Several years ago, I received a telephone call from the popular host of the PBS WILD AMERICA series, Marty Stouffer. He had a documentary film assignment in mind for me. “I want to make a film about mustangs,” Marty explained. “Interested in shooting it for me?” I immediately said yes. I hadn’t had a horse since I was a teenager, but Marty thought I knew a lot about horses. I was excited but worried. In my experience, horses just stood around in fields and grazed. How could I make an interesting TV show about that? I was completely ignorant about the complex and fascinating world of wild horses.
In March 1994, I stood in the chill of pre-dawn on a red desert hilltop ready to start filming. The desert lay at the base of flat-topped mountains the Crow Indians call the Arrowheads, a wilderness home for black bears, mountain lions, bighorn sheep, mule deer, golden eagles, coyotes, and about 175 wild horses
I held my breath as six wild horses wandered from behind a hill and into a sea of blue green sage. I focused my 600mm lens on a newborn foal, with a huge diamond-shaped star, trotting to keep up with his pale buckskin mother. A grulla mare, her black yearling son, and a striking palomino filly followed. Some distance away was the stallion — black as night with a white snip on the end of his aquiline nose. When I stood up and bent back over the camera, the stallion saw me and pranced forward, shaking his head in agitation.
He stared, snorted, and wheeled. In perfect synchrony, his family ran away with the stallion galloping in the rear to protect his family from the deadly silhouette on the hill. It was a moment I will never forget. Even then, I felt a deep connection to the black stallion. I later learned his name was Raven.
After the reaction of Raven’s band to me and my camera, I believed I would need to film from a blind. So, when the snow melted, I navigated the miserable road to sub-alpine meadows atop the mountain. I stationed myself on a cliff above a water hole. Nestled between boulders, I felt confident my camera and I were virtually invisible.
Within minutes, a golden dun stallion named Shaman approached. As his large band drank, the stallion jerked his head into the air, sniffed and looked up. I did not blink. Suddenly, he snorted explosively and the entire band raced away, leaving me alone in my cliff blind. That worked well, I told myself, surveying a horseless meadow. Not only could wild horses see any movement, they could smell any danger. I needed to rethink my strategy.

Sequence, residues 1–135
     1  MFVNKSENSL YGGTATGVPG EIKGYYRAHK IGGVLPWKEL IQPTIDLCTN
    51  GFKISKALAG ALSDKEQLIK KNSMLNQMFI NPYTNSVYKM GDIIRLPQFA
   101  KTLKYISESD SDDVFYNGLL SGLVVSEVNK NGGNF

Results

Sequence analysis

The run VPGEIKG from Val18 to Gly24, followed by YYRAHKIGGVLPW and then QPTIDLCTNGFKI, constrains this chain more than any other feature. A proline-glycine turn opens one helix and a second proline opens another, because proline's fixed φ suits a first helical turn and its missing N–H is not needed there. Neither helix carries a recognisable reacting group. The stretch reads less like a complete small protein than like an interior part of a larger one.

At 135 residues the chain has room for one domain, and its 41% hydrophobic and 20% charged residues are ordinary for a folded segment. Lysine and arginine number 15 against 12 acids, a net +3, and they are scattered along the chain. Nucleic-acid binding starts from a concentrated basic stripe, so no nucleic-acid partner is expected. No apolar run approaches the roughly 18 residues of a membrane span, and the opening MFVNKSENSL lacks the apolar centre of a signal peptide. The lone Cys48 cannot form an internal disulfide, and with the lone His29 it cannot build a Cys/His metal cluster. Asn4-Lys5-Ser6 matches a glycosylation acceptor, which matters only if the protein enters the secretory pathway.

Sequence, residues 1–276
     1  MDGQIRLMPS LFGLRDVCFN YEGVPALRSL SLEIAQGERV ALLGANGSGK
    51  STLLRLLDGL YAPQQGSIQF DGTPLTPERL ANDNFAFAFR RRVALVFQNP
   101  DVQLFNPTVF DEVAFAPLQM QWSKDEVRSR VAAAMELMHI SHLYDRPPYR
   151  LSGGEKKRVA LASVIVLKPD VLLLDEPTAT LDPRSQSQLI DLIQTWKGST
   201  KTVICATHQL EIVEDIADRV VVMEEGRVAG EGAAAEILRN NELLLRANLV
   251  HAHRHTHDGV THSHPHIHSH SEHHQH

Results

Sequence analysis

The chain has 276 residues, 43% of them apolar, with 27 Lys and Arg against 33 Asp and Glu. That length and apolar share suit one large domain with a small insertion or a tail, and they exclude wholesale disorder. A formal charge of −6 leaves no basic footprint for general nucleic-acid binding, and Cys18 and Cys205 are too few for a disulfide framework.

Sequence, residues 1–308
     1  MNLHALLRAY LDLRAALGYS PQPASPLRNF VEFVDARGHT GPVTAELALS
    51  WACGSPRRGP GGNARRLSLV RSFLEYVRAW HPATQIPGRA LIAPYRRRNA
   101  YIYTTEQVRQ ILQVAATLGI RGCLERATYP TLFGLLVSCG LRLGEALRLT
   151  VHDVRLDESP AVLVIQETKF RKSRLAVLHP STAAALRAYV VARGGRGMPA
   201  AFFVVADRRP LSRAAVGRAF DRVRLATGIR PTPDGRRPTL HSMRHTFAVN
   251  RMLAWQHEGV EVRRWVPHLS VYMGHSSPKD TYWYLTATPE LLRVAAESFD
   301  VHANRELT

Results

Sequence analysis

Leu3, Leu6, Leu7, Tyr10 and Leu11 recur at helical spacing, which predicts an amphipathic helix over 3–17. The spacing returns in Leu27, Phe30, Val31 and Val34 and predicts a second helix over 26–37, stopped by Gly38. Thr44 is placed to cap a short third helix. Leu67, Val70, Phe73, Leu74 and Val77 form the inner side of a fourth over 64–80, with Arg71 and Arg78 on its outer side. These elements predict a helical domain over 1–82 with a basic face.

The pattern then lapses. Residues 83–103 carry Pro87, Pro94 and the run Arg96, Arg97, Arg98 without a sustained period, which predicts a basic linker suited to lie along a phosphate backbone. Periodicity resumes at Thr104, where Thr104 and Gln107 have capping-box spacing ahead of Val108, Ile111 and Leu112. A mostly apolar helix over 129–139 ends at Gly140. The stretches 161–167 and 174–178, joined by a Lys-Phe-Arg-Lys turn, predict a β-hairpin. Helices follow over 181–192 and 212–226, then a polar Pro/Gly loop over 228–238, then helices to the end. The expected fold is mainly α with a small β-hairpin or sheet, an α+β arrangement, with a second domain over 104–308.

Over the next few days as I sat in frustration, Raven and his family appeared. Day after day, they seemed to find me rather than the other way around. I began waving at them — something told me to be quietly conspicuous. I watched to see the direction they were traveling and set up my camera ahead of them. Over time they paid me the highest compliment a wild animal can pay a wildlife filmmaker: they ignored me.
By now there were three foals in Raven’s band, the one I named Diamond (who was turning into a blue roan), a solid grulla, and a strawberry roan colt with a huge star. In September, the two younger brothers died in a Bureau of Land Management roundup. It was a tragic loss for Raven’s family and a shocking end to an idyllic summer for me. The following spring, nothing could keep me from returning to see if Raven’s family could recover from their horrible loss.
It was late May. I was intently filming a three-year-old stallion trying to breed his father’s newly acquired mare. When the older stallion returned, his son innocently clacked his teeth like a foal, as if to say “Don’t hurt me, I’m little.” Young stallions are usually ousted from their bands at two to avoid in-breeding, and this three-year-old was pushing his luck.
Then out of the corner of my eye, I saw a flash of white in the forest. Seconds later, Raven’s palomino mare broke out of the trees with her newborn and led him right past my camera. The colt was just hours old and he tottered to keep up with his mother. He was unlike any foal on the Arrowheads, for he was nearly white. The band was on an uphill trek and I followed. Within a half-hour, they arrived at a snowbank under dense trees. This was their water source until water holes on the mountaintop melted. The colt sniffed the cold whiteness and collapsed in a heap in the shade. As I watched him breathe I counted his ribs. I had never seen a newborn foal. Were they all this fragile? I named the colt Cloud and prayed he would live.
Two weeks later, the frail colt had blossomed, displaying the boldness that would become his trademark. His two sisters were several months older than Cloud, and targets for his teasing, especially when they were sleeping. He would nibble on their manes and pull their ears. He galloped around circular stands of firs like it was his own personal racecourse. Round and round he flew, seeming never to tire.
When Raven thought his little fillies had wandered too far from the band, he gently reprimanded them by snaking them home, laying his ears back and lowering his head. Cloud mimicked his father and, when a little filly came to visit, he laid his ears flat, dipped his head low and chased her away. Everything he did that summer led me to conclude, “One day you will become a great band stallion like your father.”
When summer ended, so did my filming for WILD AMERICA.
Return to the Arrowheads
For nearly two years I filmed throughout the world. But I was haunted by Raven, Cloud, and the family. They had captured my imagination and my heart.